How to change your eating habits as you age

As you age, eating can assist in improving your mental awareness, energy levels, and ability to fight illness. Having a healthy diet can be your key to maintaining a positive outlook on life and ensuring you are emotionally stable.

Regardless of your age or your previous eating habits, it’s never too late to change your diet or improve the way you feel and think.

Naturally, as you get older your interests, priorities and eating habits will change, and your nutritional needs do too. However, it doesn’t matter if you are 25, 65 or 105, the importance of consuming a balance of different nutritional and nourishing foods remains crucial to your health and wellbeing.

In your 60s, the physiological and psychological changes that occur have a direct impact on your nutritional requirements. Your body becomes less effective in how it absorbs and uses the many vitamins and minerals you get from food. You might find that long-term use of prescription medication also has an impact on your ability to adequately absorb nutrients. As you get older, you might even notice your appetite diminish.

Problems with your digestion could arise. If you’ve suffered constipation, piles or diverticular disease you need to ensure you are drinking lots of water. It also helps if you remain active, which not only aids in relieving these problems, but helps your gut function in the way it should.

Ad. Article continues below.

Your sense of smell and taste changes are you get older, so avoid adding extra salt to your food. Instead use herbs, spices and other flavours like garlic, lemon, mustards or flavoured vinegars.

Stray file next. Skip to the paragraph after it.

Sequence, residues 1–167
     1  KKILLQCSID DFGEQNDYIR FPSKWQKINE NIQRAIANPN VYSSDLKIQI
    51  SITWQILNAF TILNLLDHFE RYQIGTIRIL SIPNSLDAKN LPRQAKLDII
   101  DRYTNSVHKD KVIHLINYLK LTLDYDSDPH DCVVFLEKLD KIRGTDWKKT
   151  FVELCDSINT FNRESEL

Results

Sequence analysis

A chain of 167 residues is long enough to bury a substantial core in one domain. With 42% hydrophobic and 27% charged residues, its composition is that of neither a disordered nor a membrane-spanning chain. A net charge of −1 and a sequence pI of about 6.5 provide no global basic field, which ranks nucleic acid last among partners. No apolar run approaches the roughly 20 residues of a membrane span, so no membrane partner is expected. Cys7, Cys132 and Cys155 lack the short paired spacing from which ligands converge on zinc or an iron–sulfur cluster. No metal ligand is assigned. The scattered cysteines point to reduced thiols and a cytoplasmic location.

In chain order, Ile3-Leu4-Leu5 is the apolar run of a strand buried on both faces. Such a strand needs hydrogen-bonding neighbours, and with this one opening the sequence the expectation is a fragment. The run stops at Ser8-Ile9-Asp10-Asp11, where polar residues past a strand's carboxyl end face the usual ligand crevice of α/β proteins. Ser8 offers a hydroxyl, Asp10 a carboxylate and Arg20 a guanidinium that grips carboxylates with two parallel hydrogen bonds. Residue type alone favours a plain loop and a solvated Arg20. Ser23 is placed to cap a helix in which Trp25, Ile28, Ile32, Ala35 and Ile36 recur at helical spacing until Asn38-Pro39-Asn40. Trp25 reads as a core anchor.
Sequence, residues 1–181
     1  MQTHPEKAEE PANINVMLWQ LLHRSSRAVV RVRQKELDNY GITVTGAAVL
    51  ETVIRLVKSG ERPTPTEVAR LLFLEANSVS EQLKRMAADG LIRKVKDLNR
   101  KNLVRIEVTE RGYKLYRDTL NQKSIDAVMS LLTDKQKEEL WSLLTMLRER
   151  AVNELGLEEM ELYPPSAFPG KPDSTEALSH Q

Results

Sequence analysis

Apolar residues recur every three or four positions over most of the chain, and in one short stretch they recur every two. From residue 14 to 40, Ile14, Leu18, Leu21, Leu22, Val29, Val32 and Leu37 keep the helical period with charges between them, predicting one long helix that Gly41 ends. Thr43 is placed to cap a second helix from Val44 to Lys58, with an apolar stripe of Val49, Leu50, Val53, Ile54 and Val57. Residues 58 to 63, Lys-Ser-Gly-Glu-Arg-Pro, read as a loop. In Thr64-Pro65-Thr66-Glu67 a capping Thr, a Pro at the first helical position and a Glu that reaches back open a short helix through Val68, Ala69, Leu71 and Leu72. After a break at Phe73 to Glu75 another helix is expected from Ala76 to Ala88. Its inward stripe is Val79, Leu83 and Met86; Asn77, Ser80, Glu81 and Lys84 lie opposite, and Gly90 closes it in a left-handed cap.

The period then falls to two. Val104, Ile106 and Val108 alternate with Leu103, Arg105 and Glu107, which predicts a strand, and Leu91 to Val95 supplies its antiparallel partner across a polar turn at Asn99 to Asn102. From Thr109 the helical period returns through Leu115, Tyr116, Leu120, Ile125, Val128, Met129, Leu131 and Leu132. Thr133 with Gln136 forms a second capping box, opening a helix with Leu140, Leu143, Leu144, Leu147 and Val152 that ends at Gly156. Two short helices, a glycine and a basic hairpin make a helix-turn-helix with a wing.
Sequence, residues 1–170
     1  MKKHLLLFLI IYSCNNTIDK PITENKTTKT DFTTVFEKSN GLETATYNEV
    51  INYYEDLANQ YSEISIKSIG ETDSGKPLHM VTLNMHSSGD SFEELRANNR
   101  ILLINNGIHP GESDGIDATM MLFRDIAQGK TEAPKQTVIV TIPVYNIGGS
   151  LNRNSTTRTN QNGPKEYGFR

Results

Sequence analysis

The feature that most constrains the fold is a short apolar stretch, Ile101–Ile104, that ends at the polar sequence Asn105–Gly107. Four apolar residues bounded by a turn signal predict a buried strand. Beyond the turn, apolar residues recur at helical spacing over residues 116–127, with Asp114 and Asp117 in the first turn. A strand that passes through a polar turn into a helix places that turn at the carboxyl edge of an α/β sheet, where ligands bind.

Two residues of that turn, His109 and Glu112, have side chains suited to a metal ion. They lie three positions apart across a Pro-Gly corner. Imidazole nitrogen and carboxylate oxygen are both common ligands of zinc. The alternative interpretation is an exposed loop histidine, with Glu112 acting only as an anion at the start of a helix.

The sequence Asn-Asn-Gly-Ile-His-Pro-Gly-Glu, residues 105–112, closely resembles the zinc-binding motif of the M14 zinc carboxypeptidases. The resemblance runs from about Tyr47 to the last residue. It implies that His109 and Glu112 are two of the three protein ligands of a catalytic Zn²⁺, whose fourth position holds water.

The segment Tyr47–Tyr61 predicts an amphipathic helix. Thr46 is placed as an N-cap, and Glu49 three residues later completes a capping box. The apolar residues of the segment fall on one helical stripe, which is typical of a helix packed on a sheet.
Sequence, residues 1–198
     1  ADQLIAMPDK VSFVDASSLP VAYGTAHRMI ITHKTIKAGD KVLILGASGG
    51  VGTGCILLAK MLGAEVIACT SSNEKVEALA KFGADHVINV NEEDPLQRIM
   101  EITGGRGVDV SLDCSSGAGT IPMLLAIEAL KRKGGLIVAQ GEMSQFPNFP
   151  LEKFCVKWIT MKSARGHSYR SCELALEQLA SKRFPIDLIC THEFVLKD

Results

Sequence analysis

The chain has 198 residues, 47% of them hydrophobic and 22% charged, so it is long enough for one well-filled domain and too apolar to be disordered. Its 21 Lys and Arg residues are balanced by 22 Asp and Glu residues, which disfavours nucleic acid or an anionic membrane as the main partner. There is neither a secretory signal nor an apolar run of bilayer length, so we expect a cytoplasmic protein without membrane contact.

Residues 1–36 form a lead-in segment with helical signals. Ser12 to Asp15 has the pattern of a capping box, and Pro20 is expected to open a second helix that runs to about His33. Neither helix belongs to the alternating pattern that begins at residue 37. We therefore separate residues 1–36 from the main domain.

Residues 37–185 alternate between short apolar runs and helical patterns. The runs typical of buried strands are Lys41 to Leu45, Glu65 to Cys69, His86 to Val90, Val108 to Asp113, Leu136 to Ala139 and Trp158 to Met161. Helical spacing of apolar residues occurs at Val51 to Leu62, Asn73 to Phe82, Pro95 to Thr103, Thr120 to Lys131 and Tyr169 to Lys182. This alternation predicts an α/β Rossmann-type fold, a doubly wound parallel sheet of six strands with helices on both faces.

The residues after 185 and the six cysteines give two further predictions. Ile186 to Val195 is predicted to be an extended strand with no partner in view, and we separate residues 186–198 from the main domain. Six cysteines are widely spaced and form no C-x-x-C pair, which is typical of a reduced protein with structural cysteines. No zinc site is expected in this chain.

What should you be eating?

Fibre. You want to make sure you are eating fibre-rich foods like oats, fruits, vegetables, beans and lentils. A glass of warm or tap water with a hint of lemon juice can kickstart your metabolism and also alleviate constipation.

Vitamin B12. Foods such as meat, fish, eggs, dairy products and some breakfast cereals contain a certain amount of B12. B12 aids in helping you fight fatigue, weakness and impaired concentration.

Vitamin D. You can find a small amount of vitamin D in eggs and oil-rich fish. Vitamin D can also be made when sunlight hits your skin. Vitamin D is crucial for maintaining healthy bones and helps your body absorb calcium.

Ad. Article continues below.

You will also want to ensure your body is getting the right amount of healthy fats, which work to protect your body from disease and can support your mood and brain function.

Addressing problems

If you’ve lost your appetite you might want to check with your doctor to determine if medication or something more serious is responsible for the dip in your appetite.

IF your chewing has become difficult, you could try drinking smoothies with fresh fruit, yoghurt and protein powder. You might like to steam your vegetables and up your intake of couscous, rice and pasta. It might also be worthwhile consulting your dentist to rule out any issues with your teeth.

If you can’t shop or cook for yourself (for whatever reason…) it’s worth checking out home delivery options from your local supermarkets. Many offer online shopping options and will deliver to your door. You might also want to ask a friend or neighbour to take you or shop for you.

Have you noticed changes in your eating behaviours as you’ve reached your 60s? Are you keen to maintain a healthy diet as you get older?